I fly Icelandair relatively frequently in the summer months. If I need to get to the States or Canada, and need to do it cheaply, Icelandair is my first port of call. Besides the layover in Iceland, which I used to love, but now find kind of annoying if I’m in a rush to get somewhere, the airline is comfortable, but no frills. Kind of like Iceland itself.
Food on Icelandair
Icelandair is a budget airline because they’ve cut some pretty critical international flight corners: there’s no free food service, no free beverage service and no extra amenities, such as toothbrushes or eye masks for economy customers. The most economy customers get is a thin blanket and pillow for the flight, and the opportunity to buy from a limited selection of heavy snacks, candies and drinks (both alcoholic and non-alcoholic). Business and first class passengers can have snacks and drinks for free, although the flight attendants are a little reluctant to offer these things to passengers after the initial food service. Business and first class passengers also get an amenity kit for the Atlantic passage portion of the flight (they do not between Europe and Iceland), although the kit is the same quality as economy on most other international flights.
Seat sizes on Icelandair
The seat size is the biggest- in my opinion, only- selling point of flying Business Class. There are big leather seats two abreast, instead of three, with ports to charge phones and laptops. However, sometimes, if business or first is too full, Icelandair will stick business customers in the Economy Comfort section, thus taking away the big comfy seats and sticking passaengers in teeny seats with little legroom- but no middle passenger.
Entertainment on Icelandair
The entertainment on Icelandair is an interesting mix of Icelandic television and movies and European and US film and TV. There are a few blockbusters, but what is really cool are all the Icelandic television and movie options for those of you who can stomach the subtitles.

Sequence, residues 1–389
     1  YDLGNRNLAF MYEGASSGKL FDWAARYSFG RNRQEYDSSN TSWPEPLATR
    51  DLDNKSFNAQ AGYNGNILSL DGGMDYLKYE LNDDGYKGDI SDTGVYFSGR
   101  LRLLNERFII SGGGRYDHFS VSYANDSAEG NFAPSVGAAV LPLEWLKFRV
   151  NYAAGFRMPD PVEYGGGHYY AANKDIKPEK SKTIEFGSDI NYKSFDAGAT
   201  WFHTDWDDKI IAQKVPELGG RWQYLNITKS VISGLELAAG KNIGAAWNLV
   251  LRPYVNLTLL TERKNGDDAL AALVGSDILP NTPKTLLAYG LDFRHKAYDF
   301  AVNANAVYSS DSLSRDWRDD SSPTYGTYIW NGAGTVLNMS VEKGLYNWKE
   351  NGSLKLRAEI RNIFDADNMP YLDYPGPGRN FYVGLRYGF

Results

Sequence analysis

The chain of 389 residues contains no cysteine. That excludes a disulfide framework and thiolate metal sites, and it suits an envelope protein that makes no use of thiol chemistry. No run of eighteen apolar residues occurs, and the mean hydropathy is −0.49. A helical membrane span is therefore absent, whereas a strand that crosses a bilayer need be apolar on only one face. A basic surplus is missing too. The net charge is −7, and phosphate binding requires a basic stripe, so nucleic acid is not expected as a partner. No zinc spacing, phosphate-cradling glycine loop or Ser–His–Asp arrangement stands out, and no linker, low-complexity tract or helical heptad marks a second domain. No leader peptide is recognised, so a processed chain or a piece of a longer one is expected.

Another added bonus to flying business is the Saga Lounge, which is available in Keflavik and in most European and US airports. The Saga Lounge isn’t as nice as, say, the BA Lounge- there certainly is no free champagne or heavy snacks. Instead, Icelandair shares with other small budget airlines in US and UK airports, such as Aer Lingus, and offers a moderate range of snacks (soup, crackers, desserts, some salads) and beverages (sodas, water, beer and wine). The lounge in Keflavik, however, is huge, well-decorated and full of delicious goodies.
Layover on Icelandair
For those who don’t mind the layover- and sometimes I admittedly don’t when I have time to stick around Iceland– you can layover for up to a week between Europe and the US on an Icelandair flight. So that’s well worth considering, especially if you’re price comparing and find Icelandair coming up as the most attractive option (and are weighing it against all the information in this review).
Overall, Icelandair Business is as sparse and no-frills as Iceland itself, which is comforting in its continuity if not the actual flight. I don’t think it is worth the added cost unless you have trouble flying in economy for comfort reasons. Just make sure to bring food with you if you do fly Icelandair Economy, as you won’t be getting anything substantial for the duration of your flight!